The angling opportunities available year round are simply astounding. The fall is a special time of year, however, and the scenery is simply breathtaking. With so many fishing destinations with over 350 lakes and rivers to choose from, here are my Top 5 Fall MUST fish locations.
Put your canoe or aluminum boat in Eels Creek off Northeys Bay Road and head north to the High Falls. The scenery is breathtaking and the fishing is top notch as well! Bring your Muskie tackle because this stretch is chalk full of fish! Inline bucktail spinners and 6-8” crank baits imitating the cyprinid forage throughout the river will provide great success for anglers of all levels.
This little hideaway is tucked between Lower Buckhorn Lake and Stoney Lake. The beautiful rocky forested shorelines to please the victors eye. An often overlooked stretch of theTrent-Severn Waterwaythat is absolutely loaded with Bass, Muskie, Walleye, Crappie and several other panfish species. Bring your arsenal because this little beauty has trophy fish in all of the above mentioned species. Put your boat in at the launch directly across from theBurleigh Falls Innand joy the beautiful scenery this lake has to offer while catching your next Kawartha Legend.
Launch your boat in Kinmount and make your way up the river. If you have a small boat or canoe, walk it down below the dam in Kinmount and make your way down stream. Be prepared to portage a few narrow sections of the river along the way, but all the effort is well worth it. Not only is the scenery absolutely majestic but several fish species reside within the river and are seemingly always whiling to bite! Walleye, Large and Smallmouth Bass as well as Muskies abound, in high numbers and really great sizes! Your arms will be sore from reeling in fish!
Launch your boat at the public launch directly adjacent toViamede Resortat the end of Mount Julian Viamede Road and let the adventure begin. Known as one of the most prestigious lakes in the region, Stoney offers some of the most picturesque landscape in the world! Not only is it an absolute pleasure to view but the lake also boasts a very healthy fishery! The Bass, Walleye and Muskie populations are VERY good! Chris just recently fished a tournament event on the lake and over the course of the three days, Chris and his tournament partner landed over 300 Smallmouth Bass!
Launch your boat at the end of Mile of Memories Lane. Be sure to keep an eye open for wildlife on the way in as there are often deer grazing in the fields or wild turkey running about. This hidden gem of a lake is absolutely loaded with good sized Pike and the occasional monster Muskie. The bass fishing, both largemouth and smallmouth, is phenomenal. And did I mention the Walleye population is just ridiculous? Located near Havelock, Ontario with travel times into town being 15-25 minutes on average. Travel time to the Greater Toronto Area is within 2 hours making this lake a very popular spot for those escaping the city for vacation rentals even during the off season! The size of Belmont Lake is 1872 acres with a maximum depth of 51 feet and mean depth of 20 feet. Belmont Lake is part of the Crowe River system, the Crowe (Deer River) enters the lake at the north from Cordova Lake, the North River enters from Round Lake and then exits as the Crowe River to the east heading into Crowe Lake. Just a beautiful little lake that offers some of the best fishing in the region! Shhhh… don’t tell anyone! For a great stop after a day of fishing, take a trip up to the north end of the lake and visitBelmont Lake Brewery. They’re a small craft brewery open on weekends. And always boat and drive responsibly!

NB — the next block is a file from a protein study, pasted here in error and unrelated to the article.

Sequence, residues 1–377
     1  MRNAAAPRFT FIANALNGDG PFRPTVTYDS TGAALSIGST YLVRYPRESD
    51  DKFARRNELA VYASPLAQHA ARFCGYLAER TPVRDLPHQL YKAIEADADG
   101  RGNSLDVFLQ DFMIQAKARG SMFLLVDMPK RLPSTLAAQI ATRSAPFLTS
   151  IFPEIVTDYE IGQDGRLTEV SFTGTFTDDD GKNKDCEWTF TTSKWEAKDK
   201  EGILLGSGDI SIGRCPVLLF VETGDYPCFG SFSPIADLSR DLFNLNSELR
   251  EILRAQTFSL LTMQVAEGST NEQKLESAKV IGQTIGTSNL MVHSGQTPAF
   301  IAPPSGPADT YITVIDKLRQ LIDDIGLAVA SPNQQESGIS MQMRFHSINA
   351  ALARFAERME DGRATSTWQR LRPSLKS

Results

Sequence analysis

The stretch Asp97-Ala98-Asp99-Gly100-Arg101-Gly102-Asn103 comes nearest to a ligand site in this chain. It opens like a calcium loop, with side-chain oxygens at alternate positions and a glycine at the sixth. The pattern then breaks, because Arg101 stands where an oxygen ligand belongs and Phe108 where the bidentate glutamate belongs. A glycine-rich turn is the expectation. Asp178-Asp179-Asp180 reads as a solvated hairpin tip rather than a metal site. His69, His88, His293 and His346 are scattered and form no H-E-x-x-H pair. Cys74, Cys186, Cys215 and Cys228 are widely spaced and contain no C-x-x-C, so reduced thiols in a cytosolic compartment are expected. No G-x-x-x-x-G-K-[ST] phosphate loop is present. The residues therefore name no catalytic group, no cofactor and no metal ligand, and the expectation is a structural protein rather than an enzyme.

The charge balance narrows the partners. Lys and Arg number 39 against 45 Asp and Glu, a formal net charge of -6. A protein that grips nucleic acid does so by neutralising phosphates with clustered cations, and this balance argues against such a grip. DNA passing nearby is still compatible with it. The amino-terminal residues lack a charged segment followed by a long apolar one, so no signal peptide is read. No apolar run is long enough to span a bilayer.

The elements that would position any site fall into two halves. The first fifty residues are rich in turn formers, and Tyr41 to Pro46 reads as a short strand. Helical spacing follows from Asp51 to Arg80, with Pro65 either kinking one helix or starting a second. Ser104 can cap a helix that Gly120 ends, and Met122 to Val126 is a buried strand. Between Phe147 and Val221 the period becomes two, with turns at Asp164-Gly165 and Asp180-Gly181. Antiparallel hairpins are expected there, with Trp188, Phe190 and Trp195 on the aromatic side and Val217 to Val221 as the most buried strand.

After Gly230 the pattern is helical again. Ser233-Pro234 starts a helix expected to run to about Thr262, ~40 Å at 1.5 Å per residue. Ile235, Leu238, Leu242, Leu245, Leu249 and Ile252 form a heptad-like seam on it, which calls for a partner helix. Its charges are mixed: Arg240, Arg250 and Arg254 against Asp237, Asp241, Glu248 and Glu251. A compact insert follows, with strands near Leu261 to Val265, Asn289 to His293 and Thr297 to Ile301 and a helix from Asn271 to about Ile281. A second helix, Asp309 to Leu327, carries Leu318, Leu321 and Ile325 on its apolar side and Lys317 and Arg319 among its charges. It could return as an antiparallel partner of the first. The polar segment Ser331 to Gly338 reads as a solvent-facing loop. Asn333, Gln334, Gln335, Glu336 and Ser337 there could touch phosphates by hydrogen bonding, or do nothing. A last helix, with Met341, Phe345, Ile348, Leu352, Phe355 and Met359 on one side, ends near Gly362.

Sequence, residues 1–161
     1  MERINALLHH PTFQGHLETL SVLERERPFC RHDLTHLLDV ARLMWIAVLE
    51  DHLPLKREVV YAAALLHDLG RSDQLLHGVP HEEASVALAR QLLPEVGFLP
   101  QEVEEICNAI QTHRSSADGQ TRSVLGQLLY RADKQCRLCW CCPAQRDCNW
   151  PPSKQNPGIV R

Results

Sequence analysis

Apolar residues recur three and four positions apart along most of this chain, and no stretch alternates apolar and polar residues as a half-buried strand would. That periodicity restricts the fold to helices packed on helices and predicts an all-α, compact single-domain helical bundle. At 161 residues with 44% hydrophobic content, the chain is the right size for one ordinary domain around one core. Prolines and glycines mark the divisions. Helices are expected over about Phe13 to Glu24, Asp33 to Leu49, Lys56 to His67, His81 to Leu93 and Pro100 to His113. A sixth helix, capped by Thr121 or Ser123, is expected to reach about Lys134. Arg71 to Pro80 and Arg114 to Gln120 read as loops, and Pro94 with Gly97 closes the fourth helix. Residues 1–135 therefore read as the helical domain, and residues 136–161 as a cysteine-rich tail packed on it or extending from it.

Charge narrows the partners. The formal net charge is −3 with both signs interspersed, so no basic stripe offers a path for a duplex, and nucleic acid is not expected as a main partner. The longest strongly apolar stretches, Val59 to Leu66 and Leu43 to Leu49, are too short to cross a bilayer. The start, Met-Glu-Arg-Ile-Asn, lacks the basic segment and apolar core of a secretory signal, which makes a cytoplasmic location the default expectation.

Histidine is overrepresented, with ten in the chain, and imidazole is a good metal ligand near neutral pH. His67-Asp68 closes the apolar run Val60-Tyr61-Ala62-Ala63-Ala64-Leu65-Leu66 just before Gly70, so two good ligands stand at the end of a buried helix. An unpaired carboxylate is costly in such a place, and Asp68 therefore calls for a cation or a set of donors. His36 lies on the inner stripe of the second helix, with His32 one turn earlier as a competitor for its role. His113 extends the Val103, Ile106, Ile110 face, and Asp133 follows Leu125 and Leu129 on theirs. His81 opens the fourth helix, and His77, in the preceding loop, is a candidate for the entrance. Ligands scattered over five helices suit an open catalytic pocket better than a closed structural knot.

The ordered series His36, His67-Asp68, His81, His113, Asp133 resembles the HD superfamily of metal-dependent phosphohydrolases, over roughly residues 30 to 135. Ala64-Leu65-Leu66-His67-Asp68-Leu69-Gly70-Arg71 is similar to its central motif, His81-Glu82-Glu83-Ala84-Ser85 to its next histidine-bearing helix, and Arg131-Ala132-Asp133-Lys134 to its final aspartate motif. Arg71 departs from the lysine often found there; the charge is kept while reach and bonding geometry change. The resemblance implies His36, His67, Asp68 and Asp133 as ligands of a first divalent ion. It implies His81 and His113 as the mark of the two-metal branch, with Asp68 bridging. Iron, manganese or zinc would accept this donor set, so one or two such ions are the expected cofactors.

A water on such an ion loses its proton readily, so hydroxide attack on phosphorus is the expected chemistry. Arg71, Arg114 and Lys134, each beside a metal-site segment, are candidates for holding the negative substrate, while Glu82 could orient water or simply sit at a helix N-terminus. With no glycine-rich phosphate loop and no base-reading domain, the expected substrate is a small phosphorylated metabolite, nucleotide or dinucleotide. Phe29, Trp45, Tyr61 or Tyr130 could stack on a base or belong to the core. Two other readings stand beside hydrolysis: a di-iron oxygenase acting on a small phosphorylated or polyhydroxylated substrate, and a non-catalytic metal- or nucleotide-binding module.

I have been targeting Muskies for as long as I can remember. During the early years my typical approach was not much different from many other anglers today. I placed a great deal of emphasis on speed and flash to catch the majority of my fish. Bucktails,spinnerbaits and hard jerk baits. Very common in our Muskie tackle world, and they undoubtedly produce results on a regular basis. What else do you need, right?
I am a born and raised Kawartha’s Northumberland region native. I target just about everything that swims in this area, and in doing so, I have come across a few techniques and baits that were not intended to be used for certain species, but are extremely effective in catching them. I love to catch Smallmouth Bass. They are, in my opinion one of the most powerful freshwater fish on the planet. While targeting Smallies, I spend a good portion of my time dragging baits on the bottom. In a lot of instances the bait of choice is a tube. While a Tube has been a very effective bait for many of us while targeting Smallmouth, I catch an alarming amount of Muskies fishing them in this manner as well! So many, that it became quite clear to me that this was an approach that was not only unique, in that most were not catching Muskies this way, but extremely effective in producing numbers and quality fish!